That is basically the only significant difference between a taxi and a limo service. You need a medallion to be able to pick up random strangers hailing you. You do not to pick up someone who has registered ahead of time and called you up. While you can call a taxi on the phone ahead of time, you can also call up a chinese limo service in NYC that is basically better in every way (you can also pick one up at designated, static locations). You, however, cannot hail one in the street. Because they are not a taxi service.

There are other small differences, but that is the only relevant one here. You do not need to be a registered taxi to get hired as a driver ahead of time by someone on the phone. Cities and lobbies are getting their panties in the bunch because phone apps made ahead of time reservation even more convenient than waving on the street. They did not expect that to happen when the original rules were put in place.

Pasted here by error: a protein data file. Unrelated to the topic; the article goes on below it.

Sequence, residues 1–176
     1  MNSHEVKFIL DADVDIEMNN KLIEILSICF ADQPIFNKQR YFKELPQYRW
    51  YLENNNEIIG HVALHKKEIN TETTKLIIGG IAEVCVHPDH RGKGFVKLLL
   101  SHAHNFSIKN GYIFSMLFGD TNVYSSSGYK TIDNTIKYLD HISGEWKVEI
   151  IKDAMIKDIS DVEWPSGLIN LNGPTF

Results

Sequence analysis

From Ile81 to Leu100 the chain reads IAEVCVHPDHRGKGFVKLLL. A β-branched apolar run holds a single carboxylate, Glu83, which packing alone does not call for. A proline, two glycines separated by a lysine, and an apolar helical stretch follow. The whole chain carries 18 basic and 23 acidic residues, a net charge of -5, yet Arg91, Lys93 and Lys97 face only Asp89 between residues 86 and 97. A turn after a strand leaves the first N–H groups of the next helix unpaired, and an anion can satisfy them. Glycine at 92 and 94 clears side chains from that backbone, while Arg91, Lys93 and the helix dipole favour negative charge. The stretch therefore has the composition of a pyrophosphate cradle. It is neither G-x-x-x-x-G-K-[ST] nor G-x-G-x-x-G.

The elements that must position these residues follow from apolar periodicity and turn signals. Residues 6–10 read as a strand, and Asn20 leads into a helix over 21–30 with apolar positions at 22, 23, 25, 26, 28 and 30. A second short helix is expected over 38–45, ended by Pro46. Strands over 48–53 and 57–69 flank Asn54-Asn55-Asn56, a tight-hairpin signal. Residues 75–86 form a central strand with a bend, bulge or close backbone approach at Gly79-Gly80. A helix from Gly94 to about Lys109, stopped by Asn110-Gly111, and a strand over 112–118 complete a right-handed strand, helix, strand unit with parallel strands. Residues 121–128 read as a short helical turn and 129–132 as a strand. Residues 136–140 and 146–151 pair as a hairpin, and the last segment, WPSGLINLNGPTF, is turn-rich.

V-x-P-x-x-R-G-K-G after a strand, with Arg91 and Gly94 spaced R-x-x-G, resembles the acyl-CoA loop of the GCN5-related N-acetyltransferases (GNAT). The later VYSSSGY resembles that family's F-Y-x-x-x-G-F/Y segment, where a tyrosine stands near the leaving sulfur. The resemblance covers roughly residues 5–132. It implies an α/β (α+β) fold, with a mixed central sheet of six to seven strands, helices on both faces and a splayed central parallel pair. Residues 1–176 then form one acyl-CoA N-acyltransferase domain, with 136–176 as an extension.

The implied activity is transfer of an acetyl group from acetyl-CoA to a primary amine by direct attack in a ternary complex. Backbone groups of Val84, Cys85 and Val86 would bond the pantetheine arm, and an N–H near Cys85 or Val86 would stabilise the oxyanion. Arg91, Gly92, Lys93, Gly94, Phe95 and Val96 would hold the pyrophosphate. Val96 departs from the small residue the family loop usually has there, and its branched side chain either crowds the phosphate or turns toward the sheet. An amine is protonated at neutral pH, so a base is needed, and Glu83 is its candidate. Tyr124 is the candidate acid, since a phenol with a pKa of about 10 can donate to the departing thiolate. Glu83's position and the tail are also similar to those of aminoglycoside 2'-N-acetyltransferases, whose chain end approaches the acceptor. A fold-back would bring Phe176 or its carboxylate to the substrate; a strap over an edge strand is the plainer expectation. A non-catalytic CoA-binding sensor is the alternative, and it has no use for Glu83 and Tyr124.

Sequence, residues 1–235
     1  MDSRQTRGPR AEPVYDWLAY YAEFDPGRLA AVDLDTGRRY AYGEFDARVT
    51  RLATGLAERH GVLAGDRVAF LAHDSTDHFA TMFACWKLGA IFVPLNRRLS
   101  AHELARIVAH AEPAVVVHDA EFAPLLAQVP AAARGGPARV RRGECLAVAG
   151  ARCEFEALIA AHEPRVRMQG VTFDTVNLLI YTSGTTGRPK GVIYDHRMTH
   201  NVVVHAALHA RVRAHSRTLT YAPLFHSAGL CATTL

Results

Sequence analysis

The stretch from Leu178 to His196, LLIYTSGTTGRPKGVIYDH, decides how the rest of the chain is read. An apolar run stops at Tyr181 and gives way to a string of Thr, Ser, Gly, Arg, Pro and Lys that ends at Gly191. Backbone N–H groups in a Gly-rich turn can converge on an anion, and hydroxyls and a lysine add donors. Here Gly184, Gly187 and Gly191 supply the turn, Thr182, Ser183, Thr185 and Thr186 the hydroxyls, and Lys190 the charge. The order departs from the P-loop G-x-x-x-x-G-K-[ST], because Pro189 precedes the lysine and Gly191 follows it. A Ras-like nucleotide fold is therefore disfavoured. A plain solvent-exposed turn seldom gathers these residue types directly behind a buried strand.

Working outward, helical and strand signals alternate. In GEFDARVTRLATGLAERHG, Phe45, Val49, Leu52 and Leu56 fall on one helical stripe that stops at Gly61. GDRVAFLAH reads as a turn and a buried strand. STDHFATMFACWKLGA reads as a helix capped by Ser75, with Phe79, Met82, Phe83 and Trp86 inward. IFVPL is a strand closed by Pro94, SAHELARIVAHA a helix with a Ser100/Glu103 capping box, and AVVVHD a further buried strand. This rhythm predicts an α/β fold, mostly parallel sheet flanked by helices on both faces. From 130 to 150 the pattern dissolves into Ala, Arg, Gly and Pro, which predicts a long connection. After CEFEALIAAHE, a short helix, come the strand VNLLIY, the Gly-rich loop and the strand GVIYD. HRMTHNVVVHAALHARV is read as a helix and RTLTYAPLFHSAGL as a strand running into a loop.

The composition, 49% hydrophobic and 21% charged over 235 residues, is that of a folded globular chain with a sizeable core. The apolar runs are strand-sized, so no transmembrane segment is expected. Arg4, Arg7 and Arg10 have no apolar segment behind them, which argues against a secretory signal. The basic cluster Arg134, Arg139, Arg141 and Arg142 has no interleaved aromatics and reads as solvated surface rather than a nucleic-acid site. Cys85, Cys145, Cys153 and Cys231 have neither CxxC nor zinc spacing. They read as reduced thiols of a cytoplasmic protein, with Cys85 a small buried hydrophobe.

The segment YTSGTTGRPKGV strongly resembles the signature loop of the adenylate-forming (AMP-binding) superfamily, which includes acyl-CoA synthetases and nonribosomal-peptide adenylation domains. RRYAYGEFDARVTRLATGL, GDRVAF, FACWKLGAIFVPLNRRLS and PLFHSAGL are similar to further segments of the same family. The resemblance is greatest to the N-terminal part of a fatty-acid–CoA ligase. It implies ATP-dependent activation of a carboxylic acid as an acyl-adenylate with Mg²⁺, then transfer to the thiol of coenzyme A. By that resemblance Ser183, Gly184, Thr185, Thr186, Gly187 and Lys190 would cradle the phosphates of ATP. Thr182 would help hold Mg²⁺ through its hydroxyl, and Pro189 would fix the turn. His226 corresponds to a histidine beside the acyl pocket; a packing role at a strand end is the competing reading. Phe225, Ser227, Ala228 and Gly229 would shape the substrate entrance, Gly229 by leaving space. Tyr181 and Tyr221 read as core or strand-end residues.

Comment Re:So what is the answer? (Score 1) 155

Can you hail a Uber as you see it go through the street by waving at it?

No, you can't. Ride sharing service is not the right term for it, but neither is Taxi.

Then you have the distinction between part timers using their own car to give rides every now (eg UberX) and then vs limousine service (eg: Uber Black).

So how do you call UberX? Make up a name, it doesn't matter. But its definitely not a Taxi service. At best they should follow limousine rules, but they very well may be something else.

Comment Re:Disabled (Score 2) 155